We do some more testing of Yamaha's Pure Sport UTV
By now every hardcore UTV driver has gotten word of the newest pure sport UTV. The Yamaha YXZ1000R is on the ground pounding the competition on many formats and is gaining the interest of many more every day.
It was on September 1st 2015 that I first laid eyes on this machine and what an incredible introduction that was. The YXZ was to be Yamaha’s jump back into the performance UTV market and it came in with guns blazing. In a market saturated with equipment not only aging in technology but that needed something more than another wind generating device on the engine to create a new feel of excitement in the cab, Yamaha took a different approach.
The YXZ1000R has its critics and some folks discounted the effectiveness of a shift-able transmission in today’s marketplace of UTVs that is full of CVT-driven machines. I considered this a new chapter in factory-built machines. Please do not get me wrong as I love a good belt driven Side-by-Side, but we live in a world where we always have our eyes open for the next big idea and I think this was a great one.
I had my first chance to drive the YXZ1000R in the Imperial Sand Dunes in Southern California. The day was such a blur that I barely had time to focus. All of the engineering that had been laid out for us was just too much to take in on just one six-hour ride. The one thing I knew was that it was very fun and the engagement between the driver and car was so much different than anything else. A good kind of different, I might add. I’ll admit it had been a learning curve to get the YXZ to perform like I wanted it to, but this new way to experience a UTV sure was fascinating.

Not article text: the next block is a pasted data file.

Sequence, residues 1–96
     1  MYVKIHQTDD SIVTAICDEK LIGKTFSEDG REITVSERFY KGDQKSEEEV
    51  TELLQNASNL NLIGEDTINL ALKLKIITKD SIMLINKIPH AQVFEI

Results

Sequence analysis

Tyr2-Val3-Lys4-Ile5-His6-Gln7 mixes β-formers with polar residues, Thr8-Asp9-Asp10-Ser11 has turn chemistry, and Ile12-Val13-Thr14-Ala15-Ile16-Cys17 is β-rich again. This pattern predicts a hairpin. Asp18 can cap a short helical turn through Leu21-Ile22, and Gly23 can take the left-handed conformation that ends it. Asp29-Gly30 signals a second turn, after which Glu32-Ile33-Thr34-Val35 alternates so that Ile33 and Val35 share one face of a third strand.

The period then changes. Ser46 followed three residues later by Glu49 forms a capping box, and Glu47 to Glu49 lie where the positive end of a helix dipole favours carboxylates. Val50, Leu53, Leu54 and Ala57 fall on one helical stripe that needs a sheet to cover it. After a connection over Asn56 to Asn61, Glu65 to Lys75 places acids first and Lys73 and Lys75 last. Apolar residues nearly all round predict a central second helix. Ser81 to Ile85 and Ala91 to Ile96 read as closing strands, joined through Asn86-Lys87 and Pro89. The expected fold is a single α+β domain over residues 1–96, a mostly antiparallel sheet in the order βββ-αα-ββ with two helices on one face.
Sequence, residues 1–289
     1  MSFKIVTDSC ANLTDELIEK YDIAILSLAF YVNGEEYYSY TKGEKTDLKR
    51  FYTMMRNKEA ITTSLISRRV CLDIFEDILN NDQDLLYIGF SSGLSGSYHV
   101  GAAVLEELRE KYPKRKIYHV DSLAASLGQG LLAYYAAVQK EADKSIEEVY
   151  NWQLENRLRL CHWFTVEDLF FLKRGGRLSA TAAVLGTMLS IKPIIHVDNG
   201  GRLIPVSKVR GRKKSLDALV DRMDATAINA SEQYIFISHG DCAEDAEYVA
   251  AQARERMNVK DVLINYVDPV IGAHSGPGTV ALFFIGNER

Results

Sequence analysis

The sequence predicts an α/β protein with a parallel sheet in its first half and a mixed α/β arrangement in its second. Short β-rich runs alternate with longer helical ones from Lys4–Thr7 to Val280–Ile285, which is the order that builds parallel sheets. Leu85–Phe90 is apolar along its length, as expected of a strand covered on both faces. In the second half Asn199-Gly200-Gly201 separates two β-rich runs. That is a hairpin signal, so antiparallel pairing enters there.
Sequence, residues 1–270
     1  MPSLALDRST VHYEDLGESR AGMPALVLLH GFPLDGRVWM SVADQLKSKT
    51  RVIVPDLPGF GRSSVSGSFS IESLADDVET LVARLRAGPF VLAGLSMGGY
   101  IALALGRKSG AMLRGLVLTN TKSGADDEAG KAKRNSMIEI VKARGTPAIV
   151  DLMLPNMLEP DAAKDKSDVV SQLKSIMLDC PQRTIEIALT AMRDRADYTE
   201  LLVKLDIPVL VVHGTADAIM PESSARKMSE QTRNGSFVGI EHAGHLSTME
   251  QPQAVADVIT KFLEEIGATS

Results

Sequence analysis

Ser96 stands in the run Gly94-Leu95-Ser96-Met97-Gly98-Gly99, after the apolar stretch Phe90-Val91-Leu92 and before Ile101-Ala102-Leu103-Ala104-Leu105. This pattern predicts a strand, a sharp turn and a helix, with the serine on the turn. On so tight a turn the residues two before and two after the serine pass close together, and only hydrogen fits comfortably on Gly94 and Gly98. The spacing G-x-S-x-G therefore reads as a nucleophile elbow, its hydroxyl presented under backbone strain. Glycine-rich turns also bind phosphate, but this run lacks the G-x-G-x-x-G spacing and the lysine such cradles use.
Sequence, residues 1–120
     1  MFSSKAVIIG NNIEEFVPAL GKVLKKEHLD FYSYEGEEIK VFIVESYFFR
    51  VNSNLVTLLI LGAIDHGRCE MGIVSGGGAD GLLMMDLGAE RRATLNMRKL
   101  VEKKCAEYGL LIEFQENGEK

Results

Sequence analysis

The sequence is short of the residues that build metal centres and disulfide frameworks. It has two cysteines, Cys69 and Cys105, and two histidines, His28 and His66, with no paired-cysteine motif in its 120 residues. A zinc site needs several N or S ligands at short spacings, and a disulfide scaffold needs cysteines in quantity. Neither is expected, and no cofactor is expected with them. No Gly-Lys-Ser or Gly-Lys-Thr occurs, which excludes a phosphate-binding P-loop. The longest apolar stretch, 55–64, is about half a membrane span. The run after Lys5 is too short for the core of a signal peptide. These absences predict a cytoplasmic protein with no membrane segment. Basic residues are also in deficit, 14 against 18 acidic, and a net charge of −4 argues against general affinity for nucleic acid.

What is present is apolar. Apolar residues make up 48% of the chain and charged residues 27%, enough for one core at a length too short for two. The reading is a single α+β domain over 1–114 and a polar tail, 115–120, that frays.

Fast forward to just last week, the first week of March, and we had the opportunity to get back into the seat of the YXZ1000R to get to know the machine a little more. The photography had been taken care of before hand and our sole focus was to ride the ever-loving crap out of the rig to test it in ways not seen on our first run. Our ride location was Superstition Mountain in South Central California near the town of El Centro. This location is a favorite of the testing crew for Yamaha and it would prove to be a great blend of slow paced crawling through rocky steep walled canyon washes and up gravel littered razorback inclines where the single track seemed to disappear into the clouds. It was a real treat to get the YXZ1000R into terrain that some said it could never function in and, quite simply, prove them wrong.
If you are into the details you will know that the cockpit of this rig is set up for comfort and security. After locking in the three-point belt I started the triple cylinder engine and stared intently at the RPM gauge while brushing the throttle a few times. The sound of that tightly wound fuel injected engine is incredible. I was told that downshifting was good, but to wait a little longer before up-shifting to get all we could out of the engine’s power range before getting into the next gear. Short shifting was not an option and if the light on the dash had not come on I should simply keep pressing the go pedal.